Organic Chemistry
Ron Clark, Doreane Conrad and Elizabeth Austin Ashe

Ron Clark

The path Ron Clark has traveled to arrive at his present position in the fine art world has been one relatively outside the more conventional routes taken by many artists working today. Instead of artist-in-residence programs, grants or awards, his evolvement is characterized by years in the performing and visual arts, unique relationships with renowned artists, a solid academic pedigree and almost instant success in the environment of retail art sales and patronage.

Ron Clark was born in 1948 in a small, agrarian community just north of the Oklahoma-Texas border in the lush and fertile Red River Valley. One summer morning during his childhood, he wandered into an artist's studio near his grandmother's house and discovered an artist on a ladder working a mural-sized canvas. The artist - still one of Clark's closest friends and confidantes - was Harold Stevenson, a Surrealist painter who rose to prominence in Paris during the mid 1950s and whose debut in the New York avant garde was alongside Andy Warhol, Roy Lichtenstein, Claes Oldenburg and others as part of Sidney Janis's legendary 1962 group exhibition, The New Realists. This chance encounter not only proved pivotal to Clark's multi-disciplinary future as an artist, but also established the foundations of a lifelong friendship with a master painter and an important figure in the history of American art.

Gifted with drawing skills as a child, Ron Clark was born into an environment of music; his father was an amateur jazz musician, his uncle a professional opera tenor. He studied and performed classical piano for ten years, was an All State concert trumpetist in high school, and later became an accomplished guitarist, performing onstage and in recording studios with working rock, blues and jazz groups.

As an undergraduate at the University of Oklahoma, Clark first studied architecture, then graphic design. After working several years in Houston as an Architectural Illustrator and in Dallas as a Graphic Designer, he moved to New York and spent two years in the rigorous and demanding BFA program at Parsons School of Design, with concentration in Visual Communication and Modern Art History (early 20th Century European painting and sculpture).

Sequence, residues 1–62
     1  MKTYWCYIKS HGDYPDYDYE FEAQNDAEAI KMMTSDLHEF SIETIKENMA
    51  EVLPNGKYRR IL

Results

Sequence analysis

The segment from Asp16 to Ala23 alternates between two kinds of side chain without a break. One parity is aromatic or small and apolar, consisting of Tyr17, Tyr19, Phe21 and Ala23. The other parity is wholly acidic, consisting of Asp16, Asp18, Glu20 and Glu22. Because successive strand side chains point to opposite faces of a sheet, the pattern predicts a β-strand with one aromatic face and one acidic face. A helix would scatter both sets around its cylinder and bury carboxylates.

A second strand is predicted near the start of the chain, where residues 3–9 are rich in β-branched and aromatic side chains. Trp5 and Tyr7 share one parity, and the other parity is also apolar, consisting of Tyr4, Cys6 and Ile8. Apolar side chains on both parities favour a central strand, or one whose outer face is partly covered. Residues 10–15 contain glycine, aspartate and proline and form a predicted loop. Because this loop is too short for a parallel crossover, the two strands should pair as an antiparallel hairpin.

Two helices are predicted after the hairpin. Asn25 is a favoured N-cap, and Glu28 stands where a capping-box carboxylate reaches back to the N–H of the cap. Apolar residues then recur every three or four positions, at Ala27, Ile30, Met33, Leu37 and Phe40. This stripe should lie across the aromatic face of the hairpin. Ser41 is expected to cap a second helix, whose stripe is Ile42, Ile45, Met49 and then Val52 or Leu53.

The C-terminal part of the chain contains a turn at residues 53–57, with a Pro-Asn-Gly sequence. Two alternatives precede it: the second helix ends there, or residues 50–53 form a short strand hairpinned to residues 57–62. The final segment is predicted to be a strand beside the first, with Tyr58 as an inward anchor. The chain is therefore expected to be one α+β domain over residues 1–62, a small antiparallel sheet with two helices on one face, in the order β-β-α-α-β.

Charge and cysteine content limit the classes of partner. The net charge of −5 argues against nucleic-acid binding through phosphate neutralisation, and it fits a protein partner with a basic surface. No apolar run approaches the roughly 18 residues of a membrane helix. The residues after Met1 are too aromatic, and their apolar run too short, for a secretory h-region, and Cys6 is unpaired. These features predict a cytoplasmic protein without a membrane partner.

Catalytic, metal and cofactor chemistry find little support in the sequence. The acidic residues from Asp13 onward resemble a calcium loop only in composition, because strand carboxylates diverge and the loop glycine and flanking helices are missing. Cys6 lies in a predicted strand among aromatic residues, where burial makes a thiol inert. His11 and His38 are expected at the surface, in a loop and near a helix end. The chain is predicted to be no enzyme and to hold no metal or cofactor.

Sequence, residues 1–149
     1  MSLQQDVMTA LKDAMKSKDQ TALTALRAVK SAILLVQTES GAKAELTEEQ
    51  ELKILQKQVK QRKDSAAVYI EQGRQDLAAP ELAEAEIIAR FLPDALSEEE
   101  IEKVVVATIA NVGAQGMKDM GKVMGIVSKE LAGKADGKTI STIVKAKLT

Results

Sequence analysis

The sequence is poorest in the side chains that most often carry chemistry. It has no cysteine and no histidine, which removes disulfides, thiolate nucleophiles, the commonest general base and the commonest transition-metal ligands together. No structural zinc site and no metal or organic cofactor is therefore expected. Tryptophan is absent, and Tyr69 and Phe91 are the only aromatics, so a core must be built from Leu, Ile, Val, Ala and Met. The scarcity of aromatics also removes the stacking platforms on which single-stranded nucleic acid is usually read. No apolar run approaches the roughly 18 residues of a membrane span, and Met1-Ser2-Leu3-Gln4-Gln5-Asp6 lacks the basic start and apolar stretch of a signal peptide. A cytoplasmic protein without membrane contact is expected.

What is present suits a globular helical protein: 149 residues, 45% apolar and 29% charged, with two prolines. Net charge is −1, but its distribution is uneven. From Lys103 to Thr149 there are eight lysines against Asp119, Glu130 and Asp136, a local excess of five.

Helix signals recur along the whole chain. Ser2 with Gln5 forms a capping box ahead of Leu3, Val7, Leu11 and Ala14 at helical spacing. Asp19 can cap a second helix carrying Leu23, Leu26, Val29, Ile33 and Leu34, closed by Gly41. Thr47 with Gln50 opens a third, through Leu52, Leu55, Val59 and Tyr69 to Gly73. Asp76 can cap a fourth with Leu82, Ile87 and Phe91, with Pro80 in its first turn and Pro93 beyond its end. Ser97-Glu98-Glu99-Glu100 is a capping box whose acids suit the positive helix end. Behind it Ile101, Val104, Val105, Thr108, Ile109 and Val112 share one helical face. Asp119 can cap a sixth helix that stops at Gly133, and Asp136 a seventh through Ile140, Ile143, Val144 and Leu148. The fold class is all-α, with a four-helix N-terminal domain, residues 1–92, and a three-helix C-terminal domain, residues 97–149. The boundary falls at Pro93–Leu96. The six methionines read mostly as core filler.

Submerged in the New York art and design world, Clark worked as a Graphic Designer in Manhattan design studios and as a gallery assistant on high-profile Park Avenue exhibitions. During the summers, he would frequently earn extra money doing pastel portraits from live sittings, working in a refined, almost photo-realism style. During this period, the frantic pace and intoxicating social realities of living, studying and working in New York profoundly redefined his aesthetic sensibilities and self-perception as an artist.

After returning to Dallas and working several years as a Designer and Art Director, in 1995 Clark began creating PITTURAS METAPHYSICA, a series of large oil paintings (up to 72" x 96") combining minimalist geometric imagery with expanses of radiant color and rendered in a complex technique of multiple layering and metallic oil underpainting. This body of work began exhibiting in 1997 with a one-man show at Southwest Gallery in Dallas and resulted in instant and sustained retail sales to private collectors and corporate buyers.

Clark's 2000 series, BODY OF THE DIAGRAM, drew from his attraction to early modernist painting, neoteric architectural design and forms from the human body. The work was realized through several compositional approaches; dramatic imagery, ambiguous relationships between form and space, sensuous shapes, and a lush, vibrant palette. These more painterly pictorial devices were employed to express the humanistic components of architectural formalism and the physical/emotional sensations they evince. Works from this series were critically well received and selected for inclusion in the prestigious Dallas Critics' Choice Exhibition at the Dallas Center for Contemporary Art.